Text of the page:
Saturday, June 20, 2020

Un-Trumping North Carolina: Democrat Jessica Holmes Running for Commish of Labor

Cherie Berry,
in an elevator
After a baleful two decades of Republican Labor Commissioner Cherie Berry's hollowing out protections for workers in North Carolina, we certainly need an advocate for labor in that department, and Wake County Commissioner Jessica Holmes fits the bill. Cherie Berry, whose mugshot is in every elevator in the state and who managed to convince too many voters that she's a sweet little dumpling with benign motives (she actually argued that the minimum wage should be abolished), decided not to run again in 2020, which opened the door for a Democrat to take back an agency that has been emasculated. 

Jessica Holmes has shown herself to be a driven achiever. A Carolina Covenant scholarship allowed her to rise from "difficult circumstances" as a high school student in the tiny town of Maple Hill in eastern North Carolina to finish, first, an undergraduate degree in political science at Chapel Hill and then a law degree at the same university. While still an undergraduate, she took a work-study placement at UNC’s Center for Civil Rights where she came under the tutelage of influential lawyers (and warriors for equal rights) including Anita Earls, who just in 2018 won a seat on the state's Supreme Court. Holmes continued to work at the Center for Civil Rights during law school, and after she passed the bar, she joined the Southern Coalition for Social Justice (founded by Earls) as a community organizer.

Jessica Holmes
Photo Chuck Liddy, News and Observer
In 2012, she began practicing law at the N.C. Association of Educators. She served on the board of A Helping Hand, a nonprofit that assists the elderly and disabled, and she was appointed to the board of the N.C. Foundation for Public School Children. In 2014 she was convinced to run for the Wake County Commission, an all-male, white bastion at the time, and at age 29 she became the youngest commissioner ever elected in Wake County. Two years later, commissioners voted her their chair. She was elected to a second term on the commission in 2018 without an opponent. No one dared challenge her.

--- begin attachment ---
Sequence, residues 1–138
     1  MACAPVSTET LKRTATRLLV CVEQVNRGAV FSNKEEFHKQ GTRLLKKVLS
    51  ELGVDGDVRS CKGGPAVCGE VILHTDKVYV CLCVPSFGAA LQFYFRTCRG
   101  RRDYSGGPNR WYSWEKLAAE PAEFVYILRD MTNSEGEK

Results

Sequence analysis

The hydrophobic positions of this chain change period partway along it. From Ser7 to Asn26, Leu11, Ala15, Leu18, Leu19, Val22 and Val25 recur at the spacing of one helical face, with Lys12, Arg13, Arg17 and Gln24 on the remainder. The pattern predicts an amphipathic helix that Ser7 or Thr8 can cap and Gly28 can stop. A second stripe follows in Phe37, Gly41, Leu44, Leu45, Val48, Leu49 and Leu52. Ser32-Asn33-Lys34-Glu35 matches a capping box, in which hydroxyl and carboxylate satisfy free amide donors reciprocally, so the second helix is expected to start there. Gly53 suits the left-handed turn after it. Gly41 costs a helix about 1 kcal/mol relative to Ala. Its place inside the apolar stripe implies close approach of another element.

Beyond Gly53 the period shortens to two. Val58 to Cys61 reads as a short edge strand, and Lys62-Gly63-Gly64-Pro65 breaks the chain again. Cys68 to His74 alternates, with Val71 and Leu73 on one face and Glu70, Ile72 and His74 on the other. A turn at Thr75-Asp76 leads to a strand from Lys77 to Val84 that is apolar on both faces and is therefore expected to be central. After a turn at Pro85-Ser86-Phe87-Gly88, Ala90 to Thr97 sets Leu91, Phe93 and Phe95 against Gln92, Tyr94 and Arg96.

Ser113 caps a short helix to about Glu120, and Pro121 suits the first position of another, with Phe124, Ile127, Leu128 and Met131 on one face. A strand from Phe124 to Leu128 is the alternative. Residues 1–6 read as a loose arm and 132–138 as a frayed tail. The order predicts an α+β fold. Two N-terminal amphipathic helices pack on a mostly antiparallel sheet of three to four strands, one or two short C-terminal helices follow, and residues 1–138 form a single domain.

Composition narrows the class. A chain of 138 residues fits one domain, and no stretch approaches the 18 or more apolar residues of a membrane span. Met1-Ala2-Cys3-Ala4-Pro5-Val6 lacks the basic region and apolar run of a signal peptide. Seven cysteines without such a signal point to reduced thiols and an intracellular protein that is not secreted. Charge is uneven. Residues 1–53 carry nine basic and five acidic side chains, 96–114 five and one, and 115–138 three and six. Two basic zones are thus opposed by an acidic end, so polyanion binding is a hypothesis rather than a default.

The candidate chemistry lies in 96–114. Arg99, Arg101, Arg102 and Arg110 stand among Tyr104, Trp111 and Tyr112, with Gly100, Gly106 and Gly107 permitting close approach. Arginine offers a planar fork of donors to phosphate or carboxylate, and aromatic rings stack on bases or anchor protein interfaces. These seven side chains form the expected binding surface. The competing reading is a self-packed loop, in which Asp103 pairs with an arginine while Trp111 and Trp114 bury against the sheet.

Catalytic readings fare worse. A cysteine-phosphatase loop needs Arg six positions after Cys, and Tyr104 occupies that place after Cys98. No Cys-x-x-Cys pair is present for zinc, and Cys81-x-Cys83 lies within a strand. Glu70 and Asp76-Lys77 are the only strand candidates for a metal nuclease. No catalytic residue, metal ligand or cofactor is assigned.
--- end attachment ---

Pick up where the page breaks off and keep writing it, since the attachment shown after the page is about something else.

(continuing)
When she announced her campaign for labor secretary back in February, Holmes said the minimum wage should be higher and businesses should “adopt family-friendly policies such as paid parental leave, sick days and pay equity for women. Too many North Carolinians are working hard and living in poverty,” Holmes said in a news release. “We can and should do better. Employers need to know that North Carolina is open for business, and we welcome great places to work for our citizens. We are ready to rebuild our reputation as a state of inclusion and a place that will not tolerate discrimination in any form.”

Josh Dobson
Who's Jessica Holmes' Republican Opponent?

Josh Dobson has represented NC House District 85 in the General Assembly for four terms. His power base has been McDowell County (Marion), where he also served as a county commissioner. As a House member from a heavily Republican district (McDowell, Mitchell, and Avery), he's never had a serious Democratic challenger. He is a chairman of the House Appropriations Committee and according to the AP has been heavily involved in health-related issues during his time at the General Assembly.

How would he behave as Commissioner of Labor? Two indicators of political philosophy stand out: He has always been a loyal foot soldier for the anti-worker policies of the Berger-Moore big boss structure in the General Assembly. And he launched his campaign for labor secretary by publishing an endorsement from Congressman (now Trump henchman) Mark Meadows. Endorsements don't often mean a lot, but I choose to believe his one does.

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